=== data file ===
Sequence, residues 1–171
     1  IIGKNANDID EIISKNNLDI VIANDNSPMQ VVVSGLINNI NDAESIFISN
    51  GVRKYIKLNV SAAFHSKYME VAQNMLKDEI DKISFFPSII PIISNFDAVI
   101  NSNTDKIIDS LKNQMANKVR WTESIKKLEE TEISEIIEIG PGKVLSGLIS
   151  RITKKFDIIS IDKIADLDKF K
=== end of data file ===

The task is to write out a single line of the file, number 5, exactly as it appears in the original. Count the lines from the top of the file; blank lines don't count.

   151  RITKKFDIIS IDKIADLDKF K